A “DearJohninNYC” campaign gives the new boss from San Francisco a crash course in New York — and proves central bankers can have a sense of humor
BY DOUGLAS FEIDEN
The Federal Reserve Bank of New York is best known for formulating monetary policy, regulating depository institutions, redeeming billions in Treasury securities and serving as the banker of the U.S. government.
But it isn’t all macroeconomics or post-crisis supervisory stress testing at the Florentine-style palazzo at 33 Liberty Street downtown: The Fed, it turn outs, has been conducting a crash course in New York City 101.
The principal pupil is Sacramento native John C. Williams, a 55-year-old economist who started his new post as 11th president of the New York Fed on June 18 after seven years as president of the San Francisco Fed.
Williams had never worked on Wall Street. He’d never called the city home. So the Fed’s digital team decided to welcome him and advise him on mastering life in New York — by launching a playful new social media campaign, #DearJohninNYC.
“John has never lived in New York, he’s coming from San Francisco, and we thought, ‘Wouldn’t it be cute if we told him a little bit about New York City,’” said Christine Sommo, an officer in the digital-strategy unit.
Soon, a call went out seeking volunteers at the 3,000-employee central bank, and in no time, economists, statisticians, researchers, regulators, software engineers, information technologists and staffers in outreach, administration and communications had raised their hands.
“The campaign gave us the opportunity to humanize the institution,” Sommo said.
In a series of two dozen short video tweets, acted out by about 30 bankers and other staff around Manhattan, Williams is visually instructed in how to become a New Yorker.
One woman demonstrates the proper angle at which to flag down a passing cab above a caption reading, “The taxi hail is all about the lean.” A man displays the “pizza fold” as he consumes a slice, an art form that “might take practice, but is worth it.”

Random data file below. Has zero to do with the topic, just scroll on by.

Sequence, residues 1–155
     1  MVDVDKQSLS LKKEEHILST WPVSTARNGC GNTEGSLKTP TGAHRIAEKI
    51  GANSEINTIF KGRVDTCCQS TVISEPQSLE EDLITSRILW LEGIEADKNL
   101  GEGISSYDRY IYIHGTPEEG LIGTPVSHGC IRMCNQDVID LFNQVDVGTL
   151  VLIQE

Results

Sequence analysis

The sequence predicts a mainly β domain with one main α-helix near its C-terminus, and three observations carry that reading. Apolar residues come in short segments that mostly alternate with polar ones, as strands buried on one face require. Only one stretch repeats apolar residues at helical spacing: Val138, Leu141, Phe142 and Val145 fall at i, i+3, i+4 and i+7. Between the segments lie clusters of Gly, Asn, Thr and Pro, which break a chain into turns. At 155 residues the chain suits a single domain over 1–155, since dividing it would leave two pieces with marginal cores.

What’s up with the New York accent? “Fuhgetaboutit. No such thing.” That fabled span across the East River? “Fair market price or not, the Brooklyn Bridge is not for sale.”
Meanwhile, a fast-moving walker appears stymied on video as he tries to get by three slow-footed pedestrians on the sidewalk. Capturing the frustration of the true New Yorker, the caption declares, “Slow walkers and large groups keep to the right. (C’mon, people.)”
“We’ve got more than 8 million stories,” one post proclaimed. “We’re glad you’re now one of them. Welcome John!”
“Wow!” Williams tweeted back on the day he started at his new job.
“When my new colleagues told me about their #NYCtips, that’s when I knew that I could not refuse. Thank you for the warm welcome as I join you at the New York Fed — and as an official New Yorker,” he added.
Sommo wrote the text to accompany the videos, each of which repeats in a loop and lasts just two or three seconds. She says the final product reflects the personalities of the individual Fed employees.
“We wanted to make the videos playful, but with a little bit of that New York sensibility,” Sommo said. “We were hoping to highlight some of the unique aspects of New York City, and what makes it the place that it is, and it was very important to get the tone right.
“New York may be confusing to newcomers, it has this reputation as being hard to figure out, but it’s a lot more welcoming and friendly than many people may know,” she added.
Unfortunately for Williams, one tweet posted at #DearJohninNYC offered a bit of rather glum news:
“Sorry, we can’t get you @HamiltonMusical tickets” it said. “We hear even @Lin_Manuel can’t get them these days.”